The executive director reached out to me after he saw my video blog on my Facebook page where I came out as a man who has lived with HIV for ten and a half years, and talked about the work that needs to be done in our state. He got excited and he said, “I want to talk with you. I want to know more about what you want to do and how we can help.” So I think there’s potential for us to partner up with DC.

AF – That would be awesome. I don’t think there’s ever been a partnership with Team Friendly and the Damien Center.

EM – I don’t think so, no.


Posted by Eric Masters on Thursday, June 2, 2016

Video blog posted on Facebook by Eric Masters describing his IML experience

AF – So going back to the 501, I thought it would be fun if you’d tell any personal stories about the bar that you’re comfortable sharing.

EM – (laughs) Well…the first time that I went there involved a church van.

AF – A church van?! (laughs) Showed up to protest or…

EM – (laughs) No! Showed up to participate. So, it was funny, I was driving this conference speaker back to the Indianapolis Airport and they send me in the church’s van. I had not come out really at all. So here I was driving back and I found The Word magazine and in back of the magazine it had a map of all the gay bars in the city and the first one I saw was the 501. And I was like, “Well that sounds interesting. I’m going to go find out what this place is about.”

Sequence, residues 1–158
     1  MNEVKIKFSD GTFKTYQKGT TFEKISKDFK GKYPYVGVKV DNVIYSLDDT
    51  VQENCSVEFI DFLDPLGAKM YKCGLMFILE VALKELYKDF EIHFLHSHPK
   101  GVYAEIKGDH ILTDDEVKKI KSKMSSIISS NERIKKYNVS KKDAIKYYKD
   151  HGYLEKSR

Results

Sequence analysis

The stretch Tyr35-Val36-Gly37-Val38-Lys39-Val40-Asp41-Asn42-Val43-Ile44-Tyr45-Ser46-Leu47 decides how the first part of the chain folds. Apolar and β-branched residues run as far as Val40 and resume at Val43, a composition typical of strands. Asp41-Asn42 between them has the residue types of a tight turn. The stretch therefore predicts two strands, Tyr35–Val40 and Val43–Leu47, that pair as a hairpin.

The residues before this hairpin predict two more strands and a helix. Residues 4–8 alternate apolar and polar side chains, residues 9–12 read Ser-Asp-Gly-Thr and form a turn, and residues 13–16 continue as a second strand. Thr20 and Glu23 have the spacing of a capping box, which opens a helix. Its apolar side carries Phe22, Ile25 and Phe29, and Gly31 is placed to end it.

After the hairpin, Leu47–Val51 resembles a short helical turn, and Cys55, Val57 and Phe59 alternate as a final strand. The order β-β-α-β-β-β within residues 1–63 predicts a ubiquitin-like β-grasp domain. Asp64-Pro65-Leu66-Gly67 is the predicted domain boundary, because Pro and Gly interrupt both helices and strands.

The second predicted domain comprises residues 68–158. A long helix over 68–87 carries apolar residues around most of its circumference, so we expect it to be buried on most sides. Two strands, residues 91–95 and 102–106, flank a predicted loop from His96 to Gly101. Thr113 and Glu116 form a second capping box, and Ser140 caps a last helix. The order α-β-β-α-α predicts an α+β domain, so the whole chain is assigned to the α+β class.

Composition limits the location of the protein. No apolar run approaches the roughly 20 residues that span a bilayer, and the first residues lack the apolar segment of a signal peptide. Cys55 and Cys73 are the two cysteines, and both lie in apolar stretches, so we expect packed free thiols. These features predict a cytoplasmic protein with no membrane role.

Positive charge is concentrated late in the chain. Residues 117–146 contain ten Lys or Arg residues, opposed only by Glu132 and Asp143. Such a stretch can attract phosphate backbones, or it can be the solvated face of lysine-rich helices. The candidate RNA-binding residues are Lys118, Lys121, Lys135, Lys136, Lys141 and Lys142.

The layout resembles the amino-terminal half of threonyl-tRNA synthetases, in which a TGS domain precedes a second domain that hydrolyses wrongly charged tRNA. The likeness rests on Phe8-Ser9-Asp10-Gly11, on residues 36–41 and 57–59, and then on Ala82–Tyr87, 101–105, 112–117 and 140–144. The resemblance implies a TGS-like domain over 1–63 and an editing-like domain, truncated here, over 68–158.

So here I pull up to the 501 in a church van. It doesn’t say church or anything on the side of it so I park it right out front. I go inside and I’m like “Holy cow…this is amazing!”

AF – (laughs) Kind of into the deep end, huh?

EM – No! Most people would think, “Oh, this is the deep end”, right?

I fell in love.

I fell in love with the people, because I found that they were so welcoming. They didn’t care about my story. They didn’t care that I drove up in a church van. They were…I call it my Cheers. You know, the whole, everybody knows your name. To me that’s how it was when I walked in there. It didn’t matter that I didn’t have leather on. In fact, I might have been in a shirt and tie. But I just loved how welcoming they were. They didn’t care, and that was something that was super important to me. That I could start the process of coming out in a place where people weren’t going to judge me.